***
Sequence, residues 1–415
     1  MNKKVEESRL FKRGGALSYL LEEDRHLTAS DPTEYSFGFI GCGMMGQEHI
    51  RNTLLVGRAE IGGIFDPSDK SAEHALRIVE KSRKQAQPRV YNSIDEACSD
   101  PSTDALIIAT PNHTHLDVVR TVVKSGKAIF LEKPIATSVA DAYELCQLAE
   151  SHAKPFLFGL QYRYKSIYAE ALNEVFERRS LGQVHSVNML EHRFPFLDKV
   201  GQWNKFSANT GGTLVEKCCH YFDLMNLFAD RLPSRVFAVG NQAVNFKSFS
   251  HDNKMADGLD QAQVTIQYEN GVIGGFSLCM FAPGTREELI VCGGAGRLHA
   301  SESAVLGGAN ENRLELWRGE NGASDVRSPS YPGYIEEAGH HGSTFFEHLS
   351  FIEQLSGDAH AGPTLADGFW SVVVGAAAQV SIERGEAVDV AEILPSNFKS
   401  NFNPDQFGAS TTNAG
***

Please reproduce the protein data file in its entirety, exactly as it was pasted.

Sequence, residues 1–415
     1  MNKKVEESRL FKRGGALSYL LEEDRHLTAS DPTEYSFGFI GCGMMGQEHI
    51  RNTLLVGRAE IGGIFDPSDK SAEHALRIVE KSRKQAQPRV YNSIDEACSD
   101  PSTDALIIAT PNHTHLDVVR TVVKSGKAIF LEKPIATSVA DAYELCQLAE
   151  SHAKPFLFGL QYRYKSIYAE ALNEVFERRS LGQVHSVNML EHRFPFLDKV
   201  GQWNKFSANT GGTLVEKCCH YFDLMNLFAD RLPSRVFAVG NQAVNFKSFS
   251  HDNKMADGLD QAQVTIQYEN GVIGGFSLCM FAPGTREELI VCGGAGRLHA
   301  SESAVLGGAN ENRLELWRGE NGASDVRSPS YPGYIEEAGH HGSTFFEHLS
   351  FIEQLSGDAH AGPTLADGFW SVVVGAAAQV SIERGEAVDV AEILPSNFKS
   401  NFNPDQFGAS TTNAG